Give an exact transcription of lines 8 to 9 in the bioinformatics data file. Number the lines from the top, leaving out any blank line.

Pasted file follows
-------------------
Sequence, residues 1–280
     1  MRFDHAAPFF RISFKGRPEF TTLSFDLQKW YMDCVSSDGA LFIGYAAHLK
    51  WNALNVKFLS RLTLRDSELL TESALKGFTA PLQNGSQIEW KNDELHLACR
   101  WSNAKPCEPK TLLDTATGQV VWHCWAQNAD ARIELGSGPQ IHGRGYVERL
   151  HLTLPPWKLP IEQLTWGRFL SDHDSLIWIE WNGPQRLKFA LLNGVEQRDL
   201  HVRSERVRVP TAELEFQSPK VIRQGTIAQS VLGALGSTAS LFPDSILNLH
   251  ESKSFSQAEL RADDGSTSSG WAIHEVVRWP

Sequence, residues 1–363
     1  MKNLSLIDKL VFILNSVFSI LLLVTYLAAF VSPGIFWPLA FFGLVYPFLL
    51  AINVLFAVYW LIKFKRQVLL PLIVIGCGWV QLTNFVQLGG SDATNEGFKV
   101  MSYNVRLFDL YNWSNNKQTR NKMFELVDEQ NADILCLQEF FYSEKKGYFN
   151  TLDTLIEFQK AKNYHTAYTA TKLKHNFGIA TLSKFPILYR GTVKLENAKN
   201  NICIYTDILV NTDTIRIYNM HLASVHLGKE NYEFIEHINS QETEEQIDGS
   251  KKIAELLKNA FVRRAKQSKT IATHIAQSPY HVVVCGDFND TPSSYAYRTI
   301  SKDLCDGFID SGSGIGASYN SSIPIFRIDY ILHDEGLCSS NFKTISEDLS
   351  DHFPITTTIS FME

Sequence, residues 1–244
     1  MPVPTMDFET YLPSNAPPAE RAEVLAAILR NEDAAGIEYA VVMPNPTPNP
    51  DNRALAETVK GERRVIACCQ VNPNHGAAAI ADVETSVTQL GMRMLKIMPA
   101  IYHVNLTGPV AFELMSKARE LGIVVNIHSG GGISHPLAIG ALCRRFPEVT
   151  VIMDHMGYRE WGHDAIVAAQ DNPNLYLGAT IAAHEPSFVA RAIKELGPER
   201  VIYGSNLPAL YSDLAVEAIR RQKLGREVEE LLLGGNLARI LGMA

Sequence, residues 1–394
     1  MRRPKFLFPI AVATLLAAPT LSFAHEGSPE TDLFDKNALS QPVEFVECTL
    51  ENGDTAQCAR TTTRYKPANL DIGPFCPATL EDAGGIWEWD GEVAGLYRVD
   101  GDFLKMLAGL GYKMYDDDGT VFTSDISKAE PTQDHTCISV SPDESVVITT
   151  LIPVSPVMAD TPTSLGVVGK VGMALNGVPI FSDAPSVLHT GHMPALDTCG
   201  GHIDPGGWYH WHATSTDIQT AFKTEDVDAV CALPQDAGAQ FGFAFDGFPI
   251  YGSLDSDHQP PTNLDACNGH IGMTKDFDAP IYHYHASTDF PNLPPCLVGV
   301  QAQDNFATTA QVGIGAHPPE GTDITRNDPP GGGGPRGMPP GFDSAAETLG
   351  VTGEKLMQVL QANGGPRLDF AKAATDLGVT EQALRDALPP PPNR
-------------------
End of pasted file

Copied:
Sequence, residues 1–363
     1  MKNLSLIDKL VFILNSVFSI LLLVTYLAAF VSPGIFWPLA FFGLVYPFLL